http://www.russianspaceweb.com/kliper.html



Yes...I am not a KIX fan. Let's Japanese Aviation!
User currently offlineAlessandro From , joined Dec 1969, posts, RR:
Reply 7, posted (9 years 3 months 4 days 7 hours ago) and read 7047 times:

Centrair, interesting news, I wonder how much ESA can upgrade the old Ariane 4 platform?

User currently offlineSATL382G From , joined Dec 1969, posts, RR:
Reply 8, posted (9 years 3 months 4 days 6 hours ago) and read 7032 times:

Quoting Centrair (Reply 6):
We might not see Soyuz launched from Kourou. But we might see Kliper!

Would have been nice if the Russians had launched from Kourou from the start. ISS would have been in a 28.5 deg orbit instead of 51.6 and the shuttle would have had far more payload capacity into that orbit... oh well

edit:
According to Russian space officials, with the European support, the Kliper could fly "no later than" 2011 rather than "after 2012" launch date quoted previously."

Another space "race" shaping up with CEV flying in 2012?

[Edited 2005-09-27 16:08:49]

User currently offlineDfwRevolution From United States of America, joined Jan 2010, 1001 posts, RR: 51
Reply 9, posted (9 years 3 months 3 days 21 hours ago) and read 6965 times:

>> "On June 10, 2005, the head of manned space program of the European Space Agency, ESA, who conducted talks with Russian space officials in Moscow, said that his agency would support the Kliper project, according to the Russian press.

Is "Kliper" for sure a go then?


User currently offlineThorny From , joined Dec 1969, posts, RR:
Reply 10, posted (9 years 3 months 3 days 18 hours ago) and read 6948 times:

Quoting DfwRevolution (Reply 9):

Is "Kliper" for sure a go then?

No, although it's looking better than previous new wonder-spacecraft or wonder-rockets that Russia has said they were introducing. Russia can't even keep its promises for ISS, so its questionable how far they'll get with Kliper. European participation in Kliper raises it above, say, the never-to-appear ISS Research Modules or the stillborn Angara booster which they trumpeted at every opportunity as the greatest thing since sliced bread. Kliper is a radical departure for Russia, a country that has hitherto been loathe to make radical changes in anything. Consider me highly dubious of Kliper.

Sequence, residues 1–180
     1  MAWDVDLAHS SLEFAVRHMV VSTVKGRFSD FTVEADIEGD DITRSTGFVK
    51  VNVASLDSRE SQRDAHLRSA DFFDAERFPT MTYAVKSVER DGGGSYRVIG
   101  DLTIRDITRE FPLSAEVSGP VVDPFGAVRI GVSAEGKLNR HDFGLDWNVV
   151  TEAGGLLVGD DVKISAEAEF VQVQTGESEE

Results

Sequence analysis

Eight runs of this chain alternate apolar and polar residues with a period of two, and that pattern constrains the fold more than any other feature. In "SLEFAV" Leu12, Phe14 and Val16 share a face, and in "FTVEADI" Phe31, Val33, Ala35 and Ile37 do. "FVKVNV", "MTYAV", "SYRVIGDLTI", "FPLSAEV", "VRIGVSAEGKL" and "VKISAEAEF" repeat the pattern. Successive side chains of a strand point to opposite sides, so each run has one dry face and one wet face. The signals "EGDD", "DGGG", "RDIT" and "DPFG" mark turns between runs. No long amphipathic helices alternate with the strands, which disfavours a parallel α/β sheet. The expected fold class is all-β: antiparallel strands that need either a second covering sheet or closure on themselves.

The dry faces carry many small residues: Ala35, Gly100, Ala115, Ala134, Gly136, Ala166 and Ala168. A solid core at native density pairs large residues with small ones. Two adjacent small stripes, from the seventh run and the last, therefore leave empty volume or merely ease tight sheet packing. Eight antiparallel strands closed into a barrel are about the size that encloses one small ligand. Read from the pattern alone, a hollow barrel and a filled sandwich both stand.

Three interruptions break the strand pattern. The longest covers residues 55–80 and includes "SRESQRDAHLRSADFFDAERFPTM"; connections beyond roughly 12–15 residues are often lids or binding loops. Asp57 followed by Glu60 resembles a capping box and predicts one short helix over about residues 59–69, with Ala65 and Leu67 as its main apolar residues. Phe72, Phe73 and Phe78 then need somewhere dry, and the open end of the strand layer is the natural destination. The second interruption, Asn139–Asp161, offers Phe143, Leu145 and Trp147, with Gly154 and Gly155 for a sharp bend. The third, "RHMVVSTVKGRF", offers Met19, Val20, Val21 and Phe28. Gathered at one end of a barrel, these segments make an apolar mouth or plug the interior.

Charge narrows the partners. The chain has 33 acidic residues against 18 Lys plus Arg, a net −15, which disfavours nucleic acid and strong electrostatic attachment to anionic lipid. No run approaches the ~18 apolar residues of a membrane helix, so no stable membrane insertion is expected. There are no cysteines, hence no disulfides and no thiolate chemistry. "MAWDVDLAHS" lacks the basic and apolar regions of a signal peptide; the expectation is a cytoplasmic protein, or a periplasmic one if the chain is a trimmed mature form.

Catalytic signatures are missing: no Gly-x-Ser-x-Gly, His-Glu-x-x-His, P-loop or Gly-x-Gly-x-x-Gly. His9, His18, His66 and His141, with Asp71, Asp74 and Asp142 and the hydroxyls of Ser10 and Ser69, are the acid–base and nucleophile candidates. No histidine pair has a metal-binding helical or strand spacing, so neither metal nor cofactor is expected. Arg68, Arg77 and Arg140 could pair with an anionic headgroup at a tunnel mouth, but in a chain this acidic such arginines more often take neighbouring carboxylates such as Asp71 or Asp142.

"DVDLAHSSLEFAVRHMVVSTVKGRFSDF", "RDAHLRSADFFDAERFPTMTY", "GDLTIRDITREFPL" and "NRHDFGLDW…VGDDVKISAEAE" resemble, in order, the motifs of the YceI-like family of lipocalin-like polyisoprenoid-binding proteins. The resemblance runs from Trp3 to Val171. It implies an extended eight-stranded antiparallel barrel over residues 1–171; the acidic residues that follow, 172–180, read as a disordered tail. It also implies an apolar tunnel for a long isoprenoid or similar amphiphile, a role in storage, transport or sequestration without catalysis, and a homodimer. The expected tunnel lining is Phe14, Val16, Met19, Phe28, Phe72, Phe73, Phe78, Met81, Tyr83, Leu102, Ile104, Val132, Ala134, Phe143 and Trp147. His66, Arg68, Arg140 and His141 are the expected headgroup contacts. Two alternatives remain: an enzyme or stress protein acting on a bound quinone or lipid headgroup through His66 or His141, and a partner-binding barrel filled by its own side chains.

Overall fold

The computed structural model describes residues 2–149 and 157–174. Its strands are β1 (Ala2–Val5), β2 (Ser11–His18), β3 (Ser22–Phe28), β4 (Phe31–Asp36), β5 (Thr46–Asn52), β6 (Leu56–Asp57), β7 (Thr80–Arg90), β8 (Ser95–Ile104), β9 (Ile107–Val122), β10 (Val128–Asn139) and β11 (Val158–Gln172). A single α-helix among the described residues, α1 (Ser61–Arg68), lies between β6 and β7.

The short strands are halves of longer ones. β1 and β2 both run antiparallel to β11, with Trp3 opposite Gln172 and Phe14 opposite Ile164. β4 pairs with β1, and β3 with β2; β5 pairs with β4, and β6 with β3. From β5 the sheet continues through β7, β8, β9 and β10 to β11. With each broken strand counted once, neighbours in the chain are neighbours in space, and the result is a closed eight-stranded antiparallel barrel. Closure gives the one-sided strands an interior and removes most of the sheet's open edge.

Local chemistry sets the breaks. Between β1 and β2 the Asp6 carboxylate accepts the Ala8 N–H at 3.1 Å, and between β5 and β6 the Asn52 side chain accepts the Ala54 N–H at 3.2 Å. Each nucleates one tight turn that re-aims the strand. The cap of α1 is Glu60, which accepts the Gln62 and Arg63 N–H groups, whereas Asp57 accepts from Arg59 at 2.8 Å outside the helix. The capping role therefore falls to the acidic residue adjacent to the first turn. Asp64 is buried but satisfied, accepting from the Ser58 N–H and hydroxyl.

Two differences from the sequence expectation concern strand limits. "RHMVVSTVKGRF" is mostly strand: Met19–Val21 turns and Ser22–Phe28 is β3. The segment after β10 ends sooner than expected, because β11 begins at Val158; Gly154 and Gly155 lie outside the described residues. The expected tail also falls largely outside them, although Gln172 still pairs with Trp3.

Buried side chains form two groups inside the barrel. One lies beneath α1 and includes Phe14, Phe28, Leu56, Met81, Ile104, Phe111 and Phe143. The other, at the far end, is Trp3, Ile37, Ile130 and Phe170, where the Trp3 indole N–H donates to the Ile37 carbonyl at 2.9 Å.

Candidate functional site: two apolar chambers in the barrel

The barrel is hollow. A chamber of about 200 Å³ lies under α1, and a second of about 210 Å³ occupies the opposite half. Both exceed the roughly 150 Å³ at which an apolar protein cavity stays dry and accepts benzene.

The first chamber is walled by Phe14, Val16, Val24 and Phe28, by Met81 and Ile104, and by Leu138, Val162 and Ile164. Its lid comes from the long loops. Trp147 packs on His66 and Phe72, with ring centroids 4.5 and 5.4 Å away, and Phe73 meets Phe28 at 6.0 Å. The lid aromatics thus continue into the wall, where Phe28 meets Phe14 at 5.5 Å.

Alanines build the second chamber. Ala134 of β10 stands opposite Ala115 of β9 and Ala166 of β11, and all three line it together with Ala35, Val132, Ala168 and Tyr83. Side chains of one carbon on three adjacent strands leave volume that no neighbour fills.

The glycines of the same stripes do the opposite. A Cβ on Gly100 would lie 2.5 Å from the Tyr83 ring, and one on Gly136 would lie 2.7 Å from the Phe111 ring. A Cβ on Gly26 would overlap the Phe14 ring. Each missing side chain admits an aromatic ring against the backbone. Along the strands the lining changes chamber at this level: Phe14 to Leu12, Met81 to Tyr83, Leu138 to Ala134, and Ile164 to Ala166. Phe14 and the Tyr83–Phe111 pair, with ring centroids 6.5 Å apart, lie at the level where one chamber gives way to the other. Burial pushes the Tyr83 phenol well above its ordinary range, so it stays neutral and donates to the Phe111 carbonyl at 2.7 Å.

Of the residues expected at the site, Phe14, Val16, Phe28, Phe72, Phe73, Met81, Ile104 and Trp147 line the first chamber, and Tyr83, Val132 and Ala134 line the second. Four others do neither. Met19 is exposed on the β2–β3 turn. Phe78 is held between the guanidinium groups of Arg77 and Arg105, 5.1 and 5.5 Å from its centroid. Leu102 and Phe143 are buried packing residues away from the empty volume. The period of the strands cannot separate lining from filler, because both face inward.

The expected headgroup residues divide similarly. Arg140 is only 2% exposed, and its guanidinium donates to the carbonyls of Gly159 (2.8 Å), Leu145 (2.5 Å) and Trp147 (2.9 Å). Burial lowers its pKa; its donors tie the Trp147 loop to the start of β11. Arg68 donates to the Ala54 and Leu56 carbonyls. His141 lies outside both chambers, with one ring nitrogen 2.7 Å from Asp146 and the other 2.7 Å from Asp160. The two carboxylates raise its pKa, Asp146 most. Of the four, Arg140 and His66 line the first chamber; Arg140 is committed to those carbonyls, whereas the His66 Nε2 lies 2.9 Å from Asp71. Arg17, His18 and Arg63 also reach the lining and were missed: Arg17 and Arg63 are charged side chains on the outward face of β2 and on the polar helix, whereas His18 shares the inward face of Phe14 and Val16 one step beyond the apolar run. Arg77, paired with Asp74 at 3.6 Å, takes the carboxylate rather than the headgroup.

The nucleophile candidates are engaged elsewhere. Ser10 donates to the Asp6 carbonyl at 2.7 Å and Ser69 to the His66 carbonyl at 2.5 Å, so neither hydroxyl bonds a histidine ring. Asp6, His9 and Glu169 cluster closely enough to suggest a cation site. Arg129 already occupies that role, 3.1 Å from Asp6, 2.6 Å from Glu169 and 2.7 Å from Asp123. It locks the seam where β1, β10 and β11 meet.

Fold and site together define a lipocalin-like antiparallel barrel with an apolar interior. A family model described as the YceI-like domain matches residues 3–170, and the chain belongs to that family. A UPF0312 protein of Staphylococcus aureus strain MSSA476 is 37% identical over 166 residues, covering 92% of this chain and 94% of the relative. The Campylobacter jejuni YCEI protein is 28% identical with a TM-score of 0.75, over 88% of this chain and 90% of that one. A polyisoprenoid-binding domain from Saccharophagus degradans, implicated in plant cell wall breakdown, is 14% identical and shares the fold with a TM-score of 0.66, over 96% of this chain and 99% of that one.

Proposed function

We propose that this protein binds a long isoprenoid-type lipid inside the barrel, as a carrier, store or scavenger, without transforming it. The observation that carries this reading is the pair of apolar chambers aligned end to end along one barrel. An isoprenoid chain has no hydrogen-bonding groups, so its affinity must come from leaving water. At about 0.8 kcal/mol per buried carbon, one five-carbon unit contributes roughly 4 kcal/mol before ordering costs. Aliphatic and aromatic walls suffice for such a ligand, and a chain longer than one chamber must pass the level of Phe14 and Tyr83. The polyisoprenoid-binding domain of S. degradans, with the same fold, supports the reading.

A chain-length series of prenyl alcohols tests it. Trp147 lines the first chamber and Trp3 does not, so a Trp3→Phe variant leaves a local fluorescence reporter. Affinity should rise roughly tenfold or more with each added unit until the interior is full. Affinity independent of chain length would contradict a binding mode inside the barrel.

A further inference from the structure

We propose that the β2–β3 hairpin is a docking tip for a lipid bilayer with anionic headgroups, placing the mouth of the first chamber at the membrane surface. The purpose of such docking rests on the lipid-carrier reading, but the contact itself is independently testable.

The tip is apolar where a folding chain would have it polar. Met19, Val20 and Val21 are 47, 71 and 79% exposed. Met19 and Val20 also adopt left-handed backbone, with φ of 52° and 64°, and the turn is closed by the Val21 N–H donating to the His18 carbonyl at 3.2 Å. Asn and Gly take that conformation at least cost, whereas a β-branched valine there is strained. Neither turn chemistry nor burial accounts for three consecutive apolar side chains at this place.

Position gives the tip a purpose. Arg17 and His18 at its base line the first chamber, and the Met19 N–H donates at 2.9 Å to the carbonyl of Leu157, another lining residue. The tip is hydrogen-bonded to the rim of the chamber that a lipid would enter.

User currently offlineAlessandro From , joined Dec 1969, posts, RR:
Reply 11, posted (9 years 3 months 3 days 15 hours ago) and read 6929 times:

Thorny I think you forgot the Buran?
Anyway the Russians are definitly cashing in on their "know-how" and I wouldn´t be surprised if we see manned space missions from French Guiana
with Sojuz even if ISS would be scrapped pre-maturely?


User currently offlineL-188 From United States of America, joined Jul 1999, 29840 posts, RR: 58
Reply 12, posted (9 years 3 months 3 days 15 hours ago) and read 6930 times:

Correct me if I am wrong but haven't US companies been buying rockets and engines from them for years?


OBAMA-WORST PRESIDENT EVER....Even SKOORB would be better.
User currently offlineThorny From , joined Dec 1969, posts, RR:
Reply 13, posted (9 years 3 months 2 days 21 hours ago) and read 6871 times:

Quoting Alessandro (Reply 11):
Thorny I think you forgot the Buran?

Which the Russians flew only once --unmanned--, overheating its structure due to a poor thermal protection system design, which resulted in its never flying again. Hardly encouraging for the Russians to try something radically new again.